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Prop Limbo! how low (power, voltage) can it go!
I'm currently experimenting with extremely low power solar powered circuits and decided to test if I could use a Propeller in the circuits. Figured the tests would be useful to someone else so I'm sharing my results.
My test setup consisted of a DIP prop on a bread board with boot EEPROM. The brownout detector was disabled for all tests (unless otherwise stated) and reset was pulled high with a 2 Mohm resistor. Initial tests were done with a 100 ohm current shunt, but voltage drop during bootup and resolution were poor. I repeated the tests with the setup in the picture below. The extra breadboard has an op-amp transpedance amplifier that lets me use a 10 Kohm shunt in parallel with two diodes. This gives me 10mV/uA current sensativity, up to about 100uA. At that point the diodes start significant conduction and limit the op-amp voltage swing needed to supply the 1-2mA needed to boot up the propeller. ( "breadboad setup.jpg" shows my setup) I also had the Propeller pre-programmed with the "test blinker.spin" program attached below. This program switches to RCSLOW right after boot up and blinks an LED about once a second to show signs of life. (the LED was disconnected for most of the current tests)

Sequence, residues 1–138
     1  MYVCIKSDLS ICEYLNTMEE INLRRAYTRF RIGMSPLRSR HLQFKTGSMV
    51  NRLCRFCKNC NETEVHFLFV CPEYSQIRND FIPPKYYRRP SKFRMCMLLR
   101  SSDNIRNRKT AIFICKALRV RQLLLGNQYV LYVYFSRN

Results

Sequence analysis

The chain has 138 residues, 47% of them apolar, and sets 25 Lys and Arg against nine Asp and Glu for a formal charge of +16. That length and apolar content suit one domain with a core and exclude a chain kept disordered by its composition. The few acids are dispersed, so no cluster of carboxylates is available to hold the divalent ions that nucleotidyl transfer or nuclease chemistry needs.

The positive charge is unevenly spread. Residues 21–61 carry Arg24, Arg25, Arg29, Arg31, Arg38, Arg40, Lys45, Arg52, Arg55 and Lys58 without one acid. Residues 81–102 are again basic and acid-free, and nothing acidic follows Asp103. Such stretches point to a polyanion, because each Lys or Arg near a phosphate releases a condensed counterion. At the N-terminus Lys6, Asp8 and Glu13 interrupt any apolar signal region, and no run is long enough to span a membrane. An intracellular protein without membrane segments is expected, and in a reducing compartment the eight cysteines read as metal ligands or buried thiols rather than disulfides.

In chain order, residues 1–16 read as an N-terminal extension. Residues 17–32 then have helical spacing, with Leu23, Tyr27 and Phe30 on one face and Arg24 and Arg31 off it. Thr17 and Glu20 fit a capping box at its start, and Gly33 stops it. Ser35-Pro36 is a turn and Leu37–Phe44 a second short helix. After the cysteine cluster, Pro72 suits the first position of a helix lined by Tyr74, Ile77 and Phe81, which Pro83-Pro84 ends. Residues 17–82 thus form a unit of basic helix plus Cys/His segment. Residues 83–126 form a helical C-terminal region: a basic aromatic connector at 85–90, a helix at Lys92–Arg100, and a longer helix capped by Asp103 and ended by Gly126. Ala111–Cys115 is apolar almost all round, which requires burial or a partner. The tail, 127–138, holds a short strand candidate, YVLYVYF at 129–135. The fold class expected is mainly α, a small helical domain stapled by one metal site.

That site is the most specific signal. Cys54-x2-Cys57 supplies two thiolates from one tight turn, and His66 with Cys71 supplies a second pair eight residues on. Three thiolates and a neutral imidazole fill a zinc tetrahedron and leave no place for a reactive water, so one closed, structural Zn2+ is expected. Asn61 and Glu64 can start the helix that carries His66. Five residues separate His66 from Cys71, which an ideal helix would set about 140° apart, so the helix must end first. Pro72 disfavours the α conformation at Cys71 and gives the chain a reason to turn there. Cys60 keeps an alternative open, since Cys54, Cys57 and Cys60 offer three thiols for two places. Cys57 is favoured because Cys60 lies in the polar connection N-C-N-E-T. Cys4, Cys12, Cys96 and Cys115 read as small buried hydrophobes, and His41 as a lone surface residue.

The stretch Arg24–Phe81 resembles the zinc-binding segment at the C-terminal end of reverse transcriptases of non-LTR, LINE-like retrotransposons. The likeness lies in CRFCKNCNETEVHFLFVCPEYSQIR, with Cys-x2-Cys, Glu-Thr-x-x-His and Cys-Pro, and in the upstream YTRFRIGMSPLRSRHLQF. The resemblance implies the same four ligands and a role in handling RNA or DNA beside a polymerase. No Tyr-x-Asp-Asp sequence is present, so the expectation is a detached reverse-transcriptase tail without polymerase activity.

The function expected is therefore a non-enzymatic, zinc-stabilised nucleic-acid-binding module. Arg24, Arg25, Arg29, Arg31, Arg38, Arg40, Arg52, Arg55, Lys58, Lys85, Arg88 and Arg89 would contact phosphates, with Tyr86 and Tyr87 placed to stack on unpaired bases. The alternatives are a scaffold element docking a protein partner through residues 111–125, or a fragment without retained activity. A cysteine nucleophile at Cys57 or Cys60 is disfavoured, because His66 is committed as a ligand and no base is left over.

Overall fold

My full data set is in the pictures. Briefly, running at 4.0v the prop and eeprom draw 9uA, with reset held low this jumps to 51uA. At about 2.0v the prop draws 1.5uA, and 1.6uA held in reset. The minimum voltage the propeller would boot with my setup was 1.4v. At this voltage current draw while running was 1.5uA and 1.55uA held in reset. After bootup code kept running on rcslow down to less than 0.9 volts, the outputs are only active down to 1.1v though. Also, running current jumps at 1.0v to 7.5uA.
My next test was the performance of the built in brown out reset. Details in the picture below, but the brown out detector in the propeller shows a rather large negative resistance with current consumption growing to 170uA at 1.6v. This would really cripple the low light start up of a solar powered circuit, so don't use the internal brownout on solar power. (btw, a lot of LDO linear regulators have this same problem)
Finally I tested programming at reduced voltages. With a 3.9 Kohm resistor in series with TX and RX "test blinker.spin" successfully programmed to eeprom at 1.6v. Though at that voltage 5-10uA were entering the system via the prop plug. No extra current was seen on my other successful programming test at 2.5v.